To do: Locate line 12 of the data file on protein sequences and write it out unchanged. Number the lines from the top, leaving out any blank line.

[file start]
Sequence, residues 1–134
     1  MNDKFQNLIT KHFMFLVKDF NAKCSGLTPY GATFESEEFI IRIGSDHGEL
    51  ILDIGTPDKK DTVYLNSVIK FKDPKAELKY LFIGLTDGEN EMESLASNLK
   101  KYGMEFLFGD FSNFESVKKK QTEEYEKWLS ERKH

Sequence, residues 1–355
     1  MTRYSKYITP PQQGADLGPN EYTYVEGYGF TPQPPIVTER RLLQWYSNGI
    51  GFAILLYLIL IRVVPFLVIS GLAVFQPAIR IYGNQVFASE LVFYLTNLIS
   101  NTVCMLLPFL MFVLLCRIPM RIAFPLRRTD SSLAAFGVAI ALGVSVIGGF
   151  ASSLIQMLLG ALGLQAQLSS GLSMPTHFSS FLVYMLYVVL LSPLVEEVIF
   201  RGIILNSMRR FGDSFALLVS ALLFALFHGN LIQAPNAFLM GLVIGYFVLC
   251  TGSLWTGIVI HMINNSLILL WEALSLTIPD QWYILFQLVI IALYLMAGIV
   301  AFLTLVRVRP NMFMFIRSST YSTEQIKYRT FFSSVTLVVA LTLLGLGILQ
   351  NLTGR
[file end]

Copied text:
   301  AFLTLVRVRP NMFMFIRSST YSTEQIKYRT FFSSVTLVVA LTLLGLGILQ